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There are 6 stages everyone goes through as they establish a secure, healthy relationship

Dr. Nicole LePera@Theholisticpsyc

There are 6 stages everyone goes through as they establish a secure, healthy relationship. If you’re in one of these stages, you’re on the right path, and probably don’t know it. Which stage are you in:

Many of us have relational trauma. We’ve been hurt, betrayed, emotionally neglected, sometimes at very vulnerable times in our lives.

Our body remembers these experiences, and we can live with a fear of abandonment. That little voice in our head (our ego) says someone’s going to leave us, that we’re unloveable, or that we can’t trust anyone. This is self protection.

A secure relationship is a relationship where there’s: – mutual trust – predictable behavior (follow through on our word) – emotional intimacy – ability to repair (come together after conflict) – positive regard (or a knowing you’re on the same team)

Because most of us have a history of insecure relationships, it takes inner work to create a secure relationship with someone. It’s powerful work that can allow us to heal from our past and end generational trauma cycles.

6 Stages of Creating Secure Relationships: 1. Doubt: doubt is the natural first stage of moving to a secure relationship. Doubt is part of discernment and shows that we’re putting more effort into who we go into partnership.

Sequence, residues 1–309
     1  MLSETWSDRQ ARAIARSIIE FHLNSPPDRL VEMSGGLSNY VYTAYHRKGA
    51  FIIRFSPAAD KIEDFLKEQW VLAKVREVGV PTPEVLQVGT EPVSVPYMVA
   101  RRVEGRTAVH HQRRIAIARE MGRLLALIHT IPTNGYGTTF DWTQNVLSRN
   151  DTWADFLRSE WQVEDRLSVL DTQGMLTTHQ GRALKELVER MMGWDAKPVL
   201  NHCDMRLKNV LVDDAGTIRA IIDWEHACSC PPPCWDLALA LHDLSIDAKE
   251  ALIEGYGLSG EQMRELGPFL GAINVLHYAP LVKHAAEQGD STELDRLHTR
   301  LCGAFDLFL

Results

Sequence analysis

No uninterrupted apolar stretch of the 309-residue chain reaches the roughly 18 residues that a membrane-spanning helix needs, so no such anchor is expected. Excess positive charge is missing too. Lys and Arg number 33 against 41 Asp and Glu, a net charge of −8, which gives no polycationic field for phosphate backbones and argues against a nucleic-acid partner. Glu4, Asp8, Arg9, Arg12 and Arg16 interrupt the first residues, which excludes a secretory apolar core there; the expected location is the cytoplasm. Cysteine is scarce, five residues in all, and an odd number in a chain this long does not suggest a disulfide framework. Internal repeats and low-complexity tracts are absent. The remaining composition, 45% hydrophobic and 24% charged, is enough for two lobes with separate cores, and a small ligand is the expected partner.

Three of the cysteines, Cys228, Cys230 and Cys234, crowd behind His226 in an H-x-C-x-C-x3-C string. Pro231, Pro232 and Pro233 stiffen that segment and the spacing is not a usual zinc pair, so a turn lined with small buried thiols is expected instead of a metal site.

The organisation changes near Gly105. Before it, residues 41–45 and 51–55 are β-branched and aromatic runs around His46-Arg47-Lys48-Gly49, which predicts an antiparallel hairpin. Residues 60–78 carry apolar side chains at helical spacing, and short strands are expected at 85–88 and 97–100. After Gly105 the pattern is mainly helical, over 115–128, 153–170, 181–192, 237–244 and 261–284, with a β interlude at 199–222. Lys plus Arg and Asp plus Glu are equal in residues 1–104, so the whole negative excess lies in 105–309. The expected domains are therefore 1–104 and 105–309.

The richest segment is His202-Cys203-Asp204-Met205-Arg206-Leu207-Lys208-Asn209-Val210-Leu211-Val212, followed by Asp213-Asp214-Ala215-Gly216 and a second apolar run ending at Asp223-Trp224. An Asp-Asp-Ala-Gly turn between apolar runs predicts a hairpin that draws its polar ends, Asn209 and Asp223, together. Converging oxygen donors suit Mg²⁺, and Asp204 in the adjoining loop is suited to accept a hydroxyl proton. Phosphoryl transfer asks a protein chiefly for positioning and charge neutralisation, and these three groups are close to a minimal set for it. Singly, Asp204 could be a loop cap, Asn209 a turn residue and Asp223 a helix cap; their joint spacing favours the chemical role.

2. Grief: even when we meet someone we deeply love, there can be a grieving process. We’re losing our independence and (sometimes) letting to of the fantasy person we believed existed.

3. Power struggles: at different periods our abandonment wounds might come up. This creates: pushing someone away (even when we want them close), shutting down, rebellious behavior, or relationship sabotage.

4. Boredom: this stage is most prominent in those raised in chaos, unpredictability, or unstable home environments. We can confuse predictable, steady love with a lack of excitement or “passion.”

5. Acceptance: our nervous system is healing and adapting to a person we can depend on. We’re learning to navigate life together rather than as an individual and facing challenges together, recognizing the benefits of sharing life with someone.

6. Security: deep feelings of mutual trust, appreciation, and respect. A healthy dependence and bond based on mutual evolution and freedom.

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